Carry out group discussions in towns, and areas of operations whenever possible with the civilian population, and not limit them to camps or bases. This is done to emphasize the revolutionary nature of the struggle and to demonstrate that the guerrillas identified with the objectives of the people move about within the population. The guerrilla projects himself toward the people, as the political cadre does toward the guerrilla, and they should live, eat and work together to realize a unity of revolutionary thought are:
The principles for guerrilla and political-cadre group discussions
~ Organize discussion groups at the post or squad level. A cadre cannot be sure of the comprehension and acceptance of the concepts and conclusions by guerrillas in large groups. In a group of the size of a squad of 10 men, the judgement and control of the situation is greater. In this way, all students will participate in an exchange among them; the political leader, the group leader, and also the political cadre. Special attention will be given to the individual ability to discuss the objectives of the insurrectional struggle. Whenever a guerrilla expresses his opinion, he will be interested in listening to the opinions of others, leading as a result to the unity of thought.
~ Combine the different points of view and reach an opinion or common conclusion. This is the most difficult task of a political guerrilla cadre. After the group discussions of the democratic objectives of the movement, the chief of the team of political cadres of the guerrilla force should combine the conclusions of
individual groups in a general summary. At a meeting with all the discussion groups, the cadre shall provide the principal points, and the guerrillas will have the opportunity to clarify or modify their points of view. To carry this out, the conclusions will be summarized in the form of slogans, wherever possible.
~ Face with honesty the national and local problems of our struggle. THe political cadres should always be prepared to discuss solutions to the problems observed by the guerrillas. During the discussions, the guerrillas should be guided by the following three principles:
~ Freedom of thought.
~ Freedom of expression.
~ Concentration of thoughts on the objectives of the democratic struggle.
The result desired is a guerrilla who in a persuasive manner can justify all of his acts whenever he is in contact with any member of the town/people, and especially with himself and with his guerrilla companions by facing the vicissitudes of guerrilla warfare.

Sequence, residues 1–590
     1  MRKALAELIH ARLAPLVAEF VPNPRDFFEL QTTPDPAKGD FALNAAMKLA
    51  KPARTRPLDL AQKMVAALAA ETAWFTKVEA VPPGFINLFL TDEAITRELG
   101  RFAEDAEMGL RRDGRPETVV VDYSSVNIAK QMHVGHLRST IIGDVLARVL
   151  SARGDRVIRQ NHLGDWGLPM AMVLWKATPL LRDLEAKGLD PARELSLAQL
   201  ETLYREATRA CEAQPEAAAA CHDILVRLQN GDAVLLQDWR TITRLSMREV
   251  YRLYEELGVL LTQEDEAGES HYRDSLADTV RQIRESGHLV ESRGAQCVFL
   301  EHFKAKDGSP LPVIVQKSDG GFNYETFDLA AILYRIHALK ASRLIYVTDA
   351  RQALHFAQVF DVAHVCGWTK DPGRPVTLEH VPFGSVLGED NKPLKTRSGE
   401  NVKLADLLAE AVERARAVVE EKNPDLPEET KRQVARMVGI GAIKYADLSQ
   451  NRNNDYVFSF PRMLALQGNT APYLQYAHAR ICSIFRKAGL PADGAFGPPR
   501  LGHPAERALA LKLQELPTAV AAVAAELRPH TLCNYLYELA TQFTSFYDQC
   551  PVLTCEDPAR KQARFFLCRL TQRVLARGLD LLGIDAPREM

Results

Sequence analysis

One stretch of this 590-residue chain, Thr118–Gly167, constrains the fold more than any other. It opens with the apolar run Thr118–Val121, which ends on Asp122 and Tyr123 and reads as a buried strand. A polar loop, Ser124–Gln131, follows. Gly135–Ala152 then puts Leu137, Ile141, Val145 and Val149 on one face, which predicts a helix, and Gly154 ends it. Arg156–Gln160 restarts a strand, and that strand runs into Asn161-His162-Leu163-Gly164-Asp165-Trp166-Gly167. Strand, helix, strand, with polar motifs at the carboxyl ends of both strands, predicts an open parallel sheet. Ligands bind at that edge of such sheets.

This means that every guerrilla will come to have effective face-to- face persuasion as a combatant-propagandist in his contact with the people, to the point of giving 5-10 logical reasons why, e.g. a peasant should give him a piece of cloth, or a needle and thread to mend his clothes. When behaves in this manner, no type of propaganda of the enemy will be able to make a “terrorist” of him in the eyes of the people.
In addition, hunger, cold, fatigue and insecurity in the existence of the guerrilla acquire meaning in the cause of the struggle due to the constant psychological orientation.
Encamping the guerrilla units gives greater motivation, in addition to reducing distractions, and increases the spirit of cooperation of small units, relating the physical environment to the psychological one. The squad chief shall establish the regular camping procedure. Once thy have divested themselves of their packs, the chief will choose the appropriate ground for camping. He should select land that predominates over the zone with two or three escape routes. He will choose among his men and give them responsibilities such as:
~ Clean the camp area.
~ Provide adequate drainage in case of rain. Also build some trenches or holes for marksmen in case of emergency. In addition, he will build a stove, which will be done by making some small trenches and placing three rocks in place; in case the stove is built on a pedestal, it will be filled with clay and rocks.